Federal Election Commission Chairman Lee E. Goodman warned Wednesday that the “impulse to regulate the media” among officials at the agency is “alive and well.” Though the FEC is tasked with regulating money in federal elections, it sometimes attempts to interfere with press issues, he said.
In an interview with the Washington Examiner, Goodman specifically addressed concerns he has about the “disparate treatment of conservative media.” The warning comes as the “right has begun to break the left’s media monopoly.”
“Truth be told, I want conservative media to have the same exemption as all other media,” he added.
In another interview with FoxNews.com, Goodman brought up a 2013 case involving WCBV-TV in Boston in which the station was accused of illegally excluding a third-party candidate in a debate-style program. The FEC analyzed the case and mulled taking action. The case was eventually dismissed.
However, the mere fact that the FEC even looked at the case shows “that there are people in the FEC who believe we have the power to regulate the media,” Goodman said.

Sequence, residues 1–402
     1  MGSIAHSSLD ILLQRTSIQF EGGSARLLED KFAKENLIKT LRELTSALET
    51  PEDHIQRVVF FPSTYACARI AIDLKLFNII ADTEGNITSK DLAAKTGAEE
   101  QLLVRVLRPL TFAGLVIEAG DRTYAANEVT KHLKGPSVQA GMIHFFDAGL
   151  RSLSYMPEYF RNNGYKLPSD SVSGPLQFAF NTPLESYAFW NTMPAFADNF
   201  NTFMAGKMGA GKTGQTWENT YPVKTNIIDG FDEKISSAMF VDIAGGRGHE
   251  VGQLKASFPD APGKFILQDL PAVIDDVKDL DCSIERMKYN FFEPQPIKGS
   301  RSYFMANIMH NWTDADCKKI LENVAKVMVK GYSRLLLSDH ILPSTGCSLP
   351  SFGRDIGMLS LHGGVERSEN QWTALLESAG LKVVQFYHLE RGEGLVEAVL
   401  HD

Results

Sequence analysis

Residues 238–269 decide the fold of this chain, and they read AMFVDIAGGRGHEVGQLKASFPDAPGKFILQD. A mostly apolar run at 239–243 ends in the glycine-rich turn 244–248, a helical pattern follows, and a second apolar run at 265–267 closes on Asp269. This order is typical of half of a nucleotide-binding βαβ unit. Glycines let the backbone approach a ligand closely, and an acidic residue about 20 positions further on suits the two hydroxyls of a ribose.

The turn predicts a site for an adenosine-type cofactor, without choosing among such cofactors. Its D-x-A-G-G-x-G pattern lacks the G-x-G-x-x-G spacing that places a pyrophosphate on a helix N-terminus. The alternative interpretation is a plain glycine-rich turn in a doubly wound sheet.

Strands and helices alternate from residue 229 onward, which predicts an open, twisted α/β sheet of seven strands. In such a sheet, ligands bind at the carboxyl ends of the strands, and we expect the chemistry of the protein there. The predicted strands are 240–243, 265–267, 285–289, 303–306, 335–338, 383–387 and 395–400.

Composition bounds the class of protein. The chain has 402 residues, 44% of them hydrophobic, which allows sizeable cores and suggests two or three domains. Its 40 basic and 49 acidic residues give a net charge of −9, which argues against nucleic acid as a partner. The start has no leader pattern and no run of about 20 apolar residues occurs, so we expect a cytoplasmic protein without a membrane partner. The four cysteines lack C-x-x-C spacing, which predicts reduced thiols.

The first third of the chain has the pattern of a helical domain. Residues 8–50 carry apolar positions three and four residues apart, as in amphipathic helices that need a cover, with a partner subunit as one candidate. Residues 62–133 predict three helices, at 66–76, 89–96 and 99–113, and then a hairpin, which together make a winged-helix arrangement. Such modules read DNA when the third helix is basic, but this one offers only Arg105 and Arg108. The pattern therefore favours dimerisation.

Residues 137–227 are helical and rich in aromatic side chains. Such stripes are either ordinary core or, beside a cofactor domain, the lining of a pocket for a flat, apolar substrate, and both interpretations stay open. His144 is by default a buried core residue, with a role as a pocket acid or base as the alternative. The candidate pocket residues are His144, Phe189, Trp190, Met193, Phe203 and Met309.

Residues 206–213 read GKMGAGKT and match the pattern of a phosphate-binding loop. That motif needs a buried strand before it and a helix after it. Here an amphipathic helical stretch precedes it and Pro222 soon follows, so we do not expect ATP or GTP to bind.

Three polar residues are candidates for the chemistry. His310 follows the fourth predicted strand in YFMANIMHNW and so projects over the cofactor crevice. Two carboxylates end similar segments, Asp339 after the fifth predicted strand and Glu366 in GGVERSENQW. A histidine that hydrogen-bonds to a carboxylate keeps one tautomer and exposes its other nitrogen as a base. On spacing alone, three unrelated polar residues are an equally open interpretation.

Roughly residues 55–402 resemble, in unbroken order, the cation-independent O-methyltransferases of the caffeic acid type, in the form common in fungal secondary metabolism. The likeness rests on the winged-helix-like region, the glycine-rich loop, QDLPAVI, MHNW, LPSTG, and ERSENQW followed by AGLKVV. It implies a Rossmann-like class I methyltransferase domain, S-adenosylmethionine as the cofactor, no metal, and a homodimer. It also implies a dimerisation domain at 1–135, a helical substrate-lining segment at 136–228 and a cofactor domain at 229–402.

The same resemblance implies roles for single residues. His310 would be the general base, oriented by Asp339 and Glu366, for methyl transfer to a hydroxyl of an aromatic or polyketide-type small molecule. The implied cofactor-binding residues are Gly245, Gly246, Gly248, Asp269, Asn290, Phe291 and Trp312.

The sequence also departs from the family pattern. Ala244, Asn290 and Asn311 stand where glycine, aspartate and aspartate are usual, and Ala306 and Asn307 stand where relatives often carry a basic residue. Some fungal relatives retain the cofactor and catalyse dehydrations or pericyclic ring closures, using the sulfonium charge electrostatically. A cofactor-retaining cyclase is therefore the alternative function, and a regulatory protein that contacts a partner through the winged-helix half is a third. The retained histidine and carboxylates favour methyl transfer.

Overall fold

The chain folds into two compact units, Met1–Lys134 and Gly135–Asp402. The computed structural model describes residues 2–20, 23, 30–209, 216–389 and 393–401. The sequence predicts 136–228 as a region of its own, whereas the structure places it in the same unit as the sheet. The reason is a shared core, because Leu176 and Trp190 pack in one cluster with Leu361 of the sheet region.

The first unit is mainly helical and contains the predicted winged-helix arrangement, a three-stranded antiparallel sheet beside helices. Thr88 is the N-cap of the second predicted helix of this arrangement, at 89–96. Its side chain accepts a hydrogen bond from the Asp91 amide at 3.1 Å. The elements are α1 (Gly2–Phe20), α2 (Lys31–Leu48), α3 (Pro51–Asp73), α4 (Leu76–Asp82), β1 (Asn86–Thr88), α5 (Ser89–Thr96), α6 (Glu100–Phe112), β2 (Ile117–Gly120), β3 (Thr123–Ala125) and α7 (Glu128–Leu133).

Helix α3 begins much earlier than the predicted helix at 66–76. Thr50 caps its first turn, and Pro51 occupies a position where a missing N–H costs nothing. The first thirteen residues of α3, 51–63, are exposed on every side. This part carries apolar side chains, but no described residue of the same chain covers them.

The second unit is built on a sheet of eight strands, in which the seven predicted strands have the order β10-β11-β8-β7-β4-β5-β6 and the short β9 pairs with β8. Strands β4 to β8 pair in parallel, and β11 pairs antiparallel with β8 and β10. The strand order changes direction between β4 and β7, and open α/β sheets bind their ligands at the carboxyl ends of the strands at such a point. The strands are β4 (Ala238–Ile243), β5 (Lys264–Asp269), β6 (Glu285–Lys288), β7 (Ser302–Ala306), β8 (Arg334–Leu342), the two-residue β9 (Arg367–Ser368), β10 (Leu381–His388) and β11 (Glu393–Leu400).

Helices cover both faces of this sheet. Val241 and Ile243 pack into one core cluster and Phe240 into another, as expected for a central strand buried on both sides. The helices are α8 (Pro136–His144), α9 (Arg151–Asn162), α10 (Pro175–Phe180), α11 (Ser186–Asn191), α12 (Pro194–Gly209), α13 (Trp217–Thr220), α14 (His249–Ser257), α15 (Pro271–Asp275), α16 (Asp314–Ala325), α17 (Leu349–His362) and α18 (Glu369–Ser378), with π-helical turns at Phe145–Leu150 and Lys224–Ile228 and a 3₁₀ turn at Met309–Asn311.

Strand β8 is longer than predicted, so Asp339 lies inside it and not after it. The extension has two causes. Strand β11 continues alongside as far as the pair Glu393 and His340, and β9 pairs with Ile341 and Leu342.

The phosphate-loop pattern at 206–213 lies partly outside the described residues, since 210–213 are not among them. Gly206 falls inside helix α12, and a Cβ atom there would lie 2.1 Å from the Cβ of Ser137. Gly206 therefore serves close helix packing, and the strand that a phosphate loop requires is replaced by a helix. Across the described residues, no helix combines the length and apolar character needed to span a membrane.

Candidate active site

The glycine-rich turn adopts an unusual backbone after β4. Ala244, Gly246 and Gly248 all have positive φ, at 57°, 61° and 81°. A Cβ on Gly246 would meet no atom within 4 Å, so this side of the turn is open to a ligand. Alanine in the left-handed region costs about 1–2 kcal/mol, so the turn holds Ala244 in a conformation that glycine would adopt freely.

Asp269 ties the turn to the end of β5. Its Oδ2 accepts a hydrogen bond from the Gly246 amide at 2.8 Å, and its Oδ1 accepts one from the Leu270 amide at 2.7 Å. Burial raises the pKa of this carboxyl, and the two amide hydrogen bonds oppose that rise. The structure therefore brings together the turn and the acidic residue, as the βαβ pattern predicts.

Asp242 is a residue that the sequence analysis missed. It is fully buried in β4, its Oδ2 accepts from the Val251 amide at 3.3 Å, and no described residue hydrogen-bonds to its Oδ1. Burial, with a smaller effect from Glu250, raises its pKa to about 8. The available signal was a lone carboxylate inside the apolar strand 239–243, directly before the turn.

Fortunately, the current chairman says he believes all media — regardless of political affiliation — should have a “broad and absolute” exemption from federal overreach.
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Goodman also pointed to recent cases where the FEC was deadlocked, 3-3, on cases he argues should have been unanimously struck down. This includes a 2010 complaint about "The Sean Hannity Show" over an endorsement that went out on the radio show's distribution list.
Goodman, a Republican, has raised concerns that the FEC could try to specifically regulate conservative media, by chipping away at a media exemption in FEC rules.
The fact that the commission is deliberating on these media cases, he argues, raises the concern that the commission is just one appointment away from eroding that exemption. This, he said, should not be subject to the "idiosyncratic judgment of individual commissioners."
Plus, speaking from experience as a lawyer, he said split decisions can have the effect of chilling media activity. "Split votes kill activity," he said.
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